Hidden beauty of our ‘nocturnal butterflies’
Now that spring is here, many of us are looking forward to seeing our first butterflies of the year.
Everyone’s favourite insect is a sure sign that long summer days are just around the corner.
But how many people think about those other forms of ‘lepidoptera’, the moths?
Moths are by far the most numerous branch of the group.
For example, in Northumberland, we have around 30 species of butterfly, but over 1,400 species of moths.
They are found in all areas of the county, from the seashore to the tops of the Cheviots, as well as in houses, gardens and woodland.
Contrary to popular belief, out of those thousand-plus species only about four of them cause damage to fabric and woollens.
The majority either feed nocturnally on nectar from flowers just like their daytime flying counterparts or they don’t feed at all in adult form, all of their nourishment coming from their time spent as a caterpillar.
Moths are on the wing in all months of the year, with the Winter Moth even able to fly in sub-zero temperatures.
However, it is the spring that is the start of the moth recording season properly.
I run a Robinson-type moth trap in my garden, on several nights each week.
It is basically a large black plastic tub about 50cm in diameter, with a bright 125w mercury vapour light bulb shining above it.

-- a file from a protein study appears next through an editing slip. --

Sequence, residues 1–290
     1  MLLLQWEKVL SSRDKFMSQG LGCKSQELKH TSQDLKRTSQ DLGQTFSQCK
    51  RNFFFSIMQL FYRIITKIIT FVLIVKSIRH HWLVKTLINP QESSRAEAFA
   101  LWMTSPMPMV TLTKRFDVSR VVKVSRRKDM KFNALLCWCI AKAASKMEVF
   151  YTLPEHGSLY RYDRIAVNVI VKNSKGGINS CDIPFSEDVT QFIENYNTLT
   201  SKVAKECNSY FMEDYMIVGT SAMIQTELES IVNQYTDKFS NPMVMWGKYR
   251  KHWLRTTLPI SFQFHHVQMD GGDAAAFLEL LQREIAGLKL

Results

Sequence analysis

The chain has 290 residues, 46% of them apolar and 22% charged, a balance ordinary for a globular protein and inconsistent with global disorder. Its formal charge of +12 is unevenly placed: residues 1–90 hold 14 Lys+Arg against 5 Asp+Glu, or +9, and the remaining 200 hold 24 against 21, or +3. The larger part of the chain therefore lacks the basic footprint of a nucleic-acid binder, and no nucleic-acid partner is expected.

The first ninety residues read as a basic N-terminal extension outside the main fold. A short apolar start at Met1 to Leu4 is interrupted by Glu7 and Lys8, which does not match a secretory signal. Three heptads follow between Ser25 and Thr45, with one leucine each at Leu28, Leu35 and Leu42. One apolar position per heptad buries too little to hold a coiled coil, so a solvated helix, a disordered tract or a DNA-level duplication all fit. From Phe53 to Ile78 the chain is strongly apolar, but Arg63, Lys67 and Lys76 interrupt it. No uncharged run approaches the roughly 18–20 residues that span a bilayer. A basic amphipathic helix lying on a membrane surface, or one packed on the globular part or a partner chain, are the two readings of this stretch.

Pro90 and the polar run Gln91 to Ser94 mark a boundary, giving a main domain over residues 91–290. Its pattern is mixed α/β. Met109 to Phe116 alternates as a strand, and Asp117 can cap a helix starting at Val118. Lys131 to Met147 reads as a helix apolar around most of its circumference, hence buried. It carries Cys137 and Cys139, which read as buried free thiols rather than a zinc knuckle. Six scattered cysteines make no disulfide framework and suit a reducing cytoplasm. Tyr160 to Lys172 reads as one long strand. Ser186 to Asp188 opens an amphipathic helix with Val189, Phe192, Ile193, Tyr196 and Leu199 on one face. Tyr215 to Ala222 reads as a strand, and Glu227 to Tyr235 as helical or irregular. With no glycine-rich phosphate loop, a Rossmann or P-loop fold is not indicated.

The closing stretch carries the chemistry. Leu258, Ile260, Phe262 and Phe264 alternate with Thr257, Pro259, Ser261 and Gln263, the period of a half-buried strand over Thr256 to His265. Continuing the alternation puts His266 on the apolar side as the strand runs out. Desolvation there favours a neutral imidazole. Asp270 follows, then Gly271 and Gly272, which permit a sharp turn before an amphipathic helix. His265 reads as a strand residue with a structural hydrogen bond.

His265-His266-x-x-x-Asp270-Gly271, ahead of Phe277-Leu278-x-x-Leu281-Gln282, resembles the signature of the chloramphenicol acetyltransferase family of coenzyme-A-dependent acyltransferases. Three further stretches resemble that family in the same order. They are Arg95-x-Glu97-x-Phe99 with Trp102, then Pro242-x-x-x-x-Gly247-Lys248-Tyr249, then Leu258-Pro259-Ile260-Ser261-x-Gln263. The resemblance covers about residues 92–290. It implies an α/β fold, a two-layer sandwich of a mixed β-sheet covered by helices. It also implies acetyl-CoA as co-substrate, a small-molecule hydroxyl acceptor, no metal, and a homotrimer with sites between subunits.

The ultra-violet light this bulb emits is very attractive to insects and can draw in a large number of moths when left on from dusk until dawn.
The trap is harmless to the inmates.
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It is lined with flat egg trays so the moths can hide away in the recesses waiting to be counted up in the morning.
The trap is then placed in cool shade until dusk when the moths are released back into the garden to continue their lives.
The spring season has moths on the wing that are not found at other times of year.
Some, such as the Hebrew Character, Common Quaker and Clouded Drab, are found in large numbers at this time.
It was the Victorians who gave these very evocative and poetic English names to them.
Some species names, such as the Brocades, the Wainscots and the Prominents, almost give a vision of Dickensian Britain.
Other spring species, such as Early Grey, Chestnut and Early Thorn, are found regularly but in smaller numbers.
Two species, in particular, are much hoped for by moth trappers in the county at this time, the Red Sword-grass and the Pale Pinion.
The latter was unknown in Northumberland prior to 2004, but is now found annually coming to light traps, while the Red Sword-grass is equally as scarce but has always been present in the county.
If you would like to see which moths visit your garden, try to leave an outside light on overnight, or keep an eye on a window with the curtains left open to see what appears.
Better still, try to visit a demonstration of moth trapping at an organised event, one or two take place in the county in most years.
Please check out the website www.northumberland moths.org.ukIt has thousands of excellent images of the moths to be found locally and maps of their distribution.
Hopefully, you will see that some of our ‘nocturnal butterflies’ are equally as beautiful, even if a little more subtly patterned than their bright diurnal relatives.
Follow Stewart Sexton on Twitter @Stewchat or read ‘Stewchat’ at www.boulmerbirder.blogspot.com